Khasi love poem
Ka Ïit Khmih
Ka dur jong phi ha iit
Kadei ka phawar ba bha tam jong nga.
Hynrei kloi ka jah.
Ka long kaba khaduh "nga ieit ia phi".
→ French poem ←
Alone woman and Khasi language
Here it's for her, alone woman in the midst of her family, that my love poem is translated into Khasi (Bhoi-Khasi, Khashi, Khasie, Cherrapunji, Khassee, Khuchia, Cossyah, Kahasi, Kassi, Khasa, Khasiyas, Khynrium, Kyi, Sohra, War).
This Khasi poetry is in the Austro-Asian language, of the Mon-Khmer group, spoken by the Khasi people, in the states of Meghalaya and Assam, in India, as well as in Bangladesh.
Khasi is the language of less than a million aborigines who speak one of its dialects, it can be written with the modified Latin alphabet and sometimes with the Bengali script.
The written language was developed through contact with missionaries, previously Khasi was only oral. In addition to the Latin alphabet, other attempts have been made to write the language, for example religious manuscripts have been written with the Eastern Nagari Script.
Today the written language embraces all genres, novels, theater, and poetry of course.
Moreover, the first Khasi poems were Christian poems, the objective of which was to promote the values of Christian morality. This poetry which, moreover, was of a very good content, paved the way for poetic genres other than the religious.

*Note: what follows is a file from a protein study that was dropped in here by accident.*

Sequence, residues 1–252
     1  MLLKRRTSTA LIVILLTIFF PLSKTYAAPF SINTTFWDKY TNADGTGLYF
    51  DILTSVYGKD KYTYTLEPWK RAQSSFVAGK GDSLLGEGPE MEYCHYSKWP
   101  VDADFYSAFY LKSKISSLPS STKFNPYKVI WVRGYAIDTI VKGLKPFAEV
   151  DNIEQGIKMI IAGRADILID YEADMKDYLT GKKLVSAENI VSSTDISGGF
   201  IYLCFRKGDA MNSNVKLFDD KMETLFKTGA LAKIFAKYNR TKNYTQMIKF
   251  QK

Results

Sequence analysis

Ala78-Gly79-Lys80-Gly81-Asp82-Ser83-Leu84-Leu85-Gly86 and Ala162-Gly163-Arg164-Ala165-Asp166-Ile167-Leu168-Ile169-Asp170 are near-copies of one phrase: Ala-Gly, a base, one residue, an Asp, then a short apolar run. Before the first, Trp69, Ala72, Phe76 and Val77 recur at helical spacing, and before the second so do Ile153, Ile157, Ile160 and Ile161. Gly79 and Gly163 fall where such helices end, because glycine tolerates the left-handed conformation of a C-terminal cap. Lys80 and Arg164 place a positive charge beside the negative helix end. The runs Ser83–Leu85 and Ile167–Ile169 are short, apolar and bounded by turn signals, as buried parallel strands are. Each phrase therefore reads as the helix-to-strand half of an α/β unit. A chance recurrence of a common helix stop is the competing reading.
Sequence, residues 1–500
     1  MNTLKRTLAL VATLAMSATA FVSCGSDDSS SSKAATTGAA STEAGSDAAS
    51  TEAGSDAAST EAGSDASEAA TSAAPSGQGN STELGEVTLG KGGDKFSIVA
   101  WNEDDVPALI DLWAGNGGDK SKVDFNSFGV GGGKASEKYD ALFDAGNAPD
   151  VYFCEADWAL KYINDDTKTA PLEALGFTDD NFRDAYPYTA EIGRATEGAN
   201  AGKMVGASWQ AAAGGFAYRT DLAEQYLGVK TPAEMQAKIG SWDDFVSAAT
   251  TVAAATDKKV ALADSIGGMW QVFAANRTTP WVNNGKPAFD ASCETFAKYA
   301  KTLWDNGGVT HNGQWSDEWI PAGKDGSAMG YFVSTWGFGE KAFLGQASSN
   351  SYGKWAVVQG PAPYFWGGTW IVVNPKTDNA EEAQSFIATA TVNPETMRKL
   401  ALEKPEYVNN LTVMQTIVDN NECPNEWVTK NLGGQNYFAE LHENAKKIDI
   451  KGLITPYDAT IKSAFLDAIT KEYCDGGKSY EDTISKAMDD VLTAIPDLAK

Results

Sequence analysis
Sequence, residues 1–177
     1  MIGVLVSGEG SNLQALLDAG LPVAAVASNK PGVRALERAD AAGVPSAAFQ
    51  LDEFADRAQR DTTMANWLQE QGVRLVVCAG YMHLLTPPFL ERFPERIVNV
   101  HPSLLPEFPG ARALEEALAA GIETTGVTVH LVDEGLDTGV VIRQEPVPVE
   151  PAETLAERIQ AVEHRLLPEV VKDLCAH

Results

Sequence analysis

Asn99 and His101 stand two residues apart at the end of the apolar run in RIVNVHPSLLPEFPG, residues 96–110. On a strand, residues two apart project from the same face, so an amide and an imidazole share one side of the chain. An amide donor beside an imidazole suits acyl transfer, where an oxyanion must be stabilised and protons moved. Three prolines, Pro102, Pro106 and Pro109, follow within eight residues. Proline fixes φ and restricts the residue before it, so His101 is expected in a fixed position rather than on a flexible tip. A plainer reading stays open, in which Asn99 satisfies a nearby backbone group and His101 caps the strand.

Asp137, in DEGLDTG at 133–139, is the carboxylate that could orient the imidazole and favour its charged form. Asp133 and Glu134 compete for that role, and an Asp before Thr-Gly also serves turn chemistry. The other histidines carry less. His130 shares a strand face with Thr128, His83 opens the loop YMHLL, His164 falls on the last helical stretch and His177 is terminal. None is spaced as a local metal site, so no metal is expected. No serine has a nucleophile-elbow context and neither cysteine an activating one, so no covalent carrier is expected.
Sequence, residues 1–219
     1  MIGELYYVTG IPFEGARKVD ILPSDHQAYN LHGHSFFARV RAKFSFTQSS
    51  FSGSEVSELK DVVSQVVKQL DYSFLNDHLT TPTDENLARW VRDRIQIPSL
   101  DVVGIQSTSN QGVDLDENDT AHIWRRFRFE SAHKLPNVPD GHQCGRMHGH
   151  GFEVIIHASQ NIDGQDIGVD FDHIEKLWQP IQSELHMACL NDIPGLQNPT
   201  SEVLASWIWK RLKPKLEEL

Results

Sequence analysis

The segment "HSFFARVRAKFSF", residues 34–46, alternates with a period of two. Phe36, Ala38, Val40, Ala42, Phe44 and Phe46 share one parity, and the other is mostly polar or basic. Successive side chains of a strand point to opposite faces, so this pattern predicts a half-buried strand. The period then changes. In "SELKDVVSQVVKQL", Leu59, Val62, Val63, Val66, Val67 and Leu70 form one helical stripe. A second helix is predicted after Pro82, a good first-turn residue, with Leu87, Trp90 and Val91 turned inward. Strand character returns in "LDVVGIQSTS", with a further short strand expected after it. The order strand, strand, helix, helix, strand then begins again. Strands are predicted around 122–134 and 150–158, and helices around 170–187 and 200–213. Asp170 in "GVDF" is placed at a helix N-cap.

Today poetry is surely the most practiced literary art among the Khasis.
Of the many dialects of Khasi, it is the one spoken around cherrapunji (cherrapunjee, sohra), south of Meghalaya, which has been taken as the standard, for literature, newspapers, radio, TV and teaching in schools.
In Meghalaya, if English is the language of administration, Khasi is the everyday language for the Khasis.
Their language is a compulsory subject in their schools, and this is very important, because this standard also serves as a lingua franca between the different villages.
Despite this, Khasi is a language that UNESCO considers endangered.
The Khasis (Khassis, Khassias) are a collection of different tribes of the same family, who live in the Khasi and Jaintia hills in Meghalaya. These are the Khynriam, the Bhoi, the Lyngngams and the Syntengs (Pnars).
They are organized in a matriarchal society, with an important role dedicated to the youngest daughter. Their cultural traditions still retain all their importance, and these customs which are specific to them, are expressed through an important musical tradition.
Their organization into exogamous matrilineal and matrilocal clans are subdivided into castes. The affairs of the village are settled during the durbar. The Khasis are animists.
The Khasis well organized and keep their own customs, the Indian constitution recognizing them. These are hunters and blacksmiths who mainly practice slash-and-burn agriculture.